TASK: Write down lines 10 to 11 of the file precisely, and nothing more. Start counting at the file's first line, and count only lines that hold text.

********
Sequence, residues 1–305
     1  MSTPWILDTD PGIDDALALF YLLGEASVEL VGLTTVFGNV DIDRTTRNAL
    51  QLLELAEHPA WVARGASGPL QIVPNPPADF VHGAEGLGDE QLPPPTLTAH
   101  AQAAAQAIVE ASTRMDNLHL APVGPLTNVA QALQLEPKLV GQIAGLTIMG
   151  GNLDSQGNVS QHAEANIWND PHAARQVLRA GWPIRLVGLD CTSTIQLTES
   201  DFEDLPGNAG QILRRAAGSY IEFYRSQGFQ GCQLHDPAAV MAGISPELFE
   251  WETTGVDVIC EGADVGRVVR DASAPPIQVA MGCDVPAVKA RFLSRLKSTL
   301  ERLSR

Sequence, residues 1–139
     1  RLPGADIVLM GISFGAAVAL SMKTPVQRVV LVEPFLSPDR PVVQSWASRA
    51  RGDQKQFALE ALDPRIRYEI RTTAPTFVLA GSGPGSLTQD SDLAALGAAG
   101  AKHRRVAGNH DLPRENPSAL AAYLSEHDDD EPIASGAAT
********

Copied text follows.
     1  RLPGADIVLM GISFGAAVAL SMKTPVQRVV LVEPFLSPDR PVVQSWASRA
    51  RGDQKQFALE ALDPRIRYEI RTTAPTFVLA GSGPGSLTQD SDLAALGAAG